Oscar Watch: Early Awards Reveal Some Acting Locks and a Best Picture Toss-Up

Ah, it’s that time of year again. We’re just days away from some of the big pre-Oscar award nominations (the Screen Actors Guild and the Golden Globes), but some of the smaller awards bodies, including the press awards from film criticism bodies across the country. So the 2012 Academy Awards picture should be shaping up by now, right? Yes … but no. Although certain nominees are looking like shoo-ins, it’s the biggest prize of them all that has Oscar crystal balls the cloudiest.

I’m going to break down early buzz in the four major acting categories as well as Best Director and Best Picture — for now. I’ll save screenplay talk and other conjecture for later.

Best Picture

Although I like to save the juiciest for last, some of you might not have heard of some of these films, let alone that they’re being buzzed about.

The first film to get an Oscar injection was Martin Scorsese’s Hugo. The film received top honors from the National Board of Review earlier this month. The NBR is the only awards body to have done so, though it was a runner up in Boston. With Scorsese’s name behind it and a surefire Best Director nomination, this might be enough to ensure it a nomination for Best Picture.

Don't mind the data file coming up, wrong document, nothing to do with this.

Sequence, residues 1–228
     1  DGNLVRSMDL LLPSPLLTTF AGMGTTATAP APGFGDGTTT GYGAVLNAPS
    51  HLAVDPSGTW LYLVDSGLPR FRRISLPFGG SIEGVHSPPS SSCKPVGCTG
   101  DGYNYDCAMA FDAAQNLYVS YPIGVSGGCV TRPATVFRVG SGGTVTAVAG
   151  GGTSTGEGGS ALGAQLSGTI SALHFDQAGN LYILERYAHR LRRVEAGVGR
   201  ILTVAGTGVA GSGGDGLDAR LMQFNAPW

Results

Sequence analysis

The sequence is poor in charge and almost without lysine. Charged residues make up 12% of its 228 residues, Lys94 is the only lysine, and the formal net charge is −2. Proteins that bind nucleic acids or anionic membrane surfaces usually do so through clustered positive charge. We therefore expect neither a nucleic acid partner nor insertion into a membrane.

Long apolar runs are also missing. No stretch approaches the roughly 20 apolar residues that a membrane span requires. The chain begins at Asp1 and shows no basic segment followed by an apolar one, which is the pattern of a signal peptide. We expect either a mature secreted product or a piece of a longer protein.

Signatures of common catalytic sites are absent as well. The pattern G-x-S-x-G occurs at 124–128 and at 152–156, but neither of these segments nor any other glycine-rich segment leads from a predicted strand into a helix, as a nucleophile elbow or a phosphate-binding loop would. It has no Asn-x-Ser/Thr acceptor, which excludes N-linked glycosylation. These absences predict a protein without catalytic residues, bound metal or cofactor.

But even earlier than that, this year’s critics’ darling got its first vote of confidence from the New York Film Critics Circle: the French silent film The Artist. On the East Coast, Michel Hazanavicius’ ode to silent-era Hollywood has swept up accolades. In addition to the NYFCC, the Boston Society of Film Critics, Washington D.C. Area Film Critics Association and New York Film Critics Online also awarded the film their highest honor. Both New York groups also tapped Hazanavicius for Best Director. As the film builds momentum through greater public exposure, don’t expect it to go anywhere.

On the West Coast, the picture looks quite a bit different.Terrence Malick’s audience-dividing art film The Tree of Life won Best Picture from the San Francisco Film Critics Circle and came in a close second during the vote of the Los Angeles Film Critics Association. The Descendants, starring George Clooney, won the vote. Although tapped for many categories by other bodies, including Best Actor, “The Descendants” had not been awarded Best Film previously.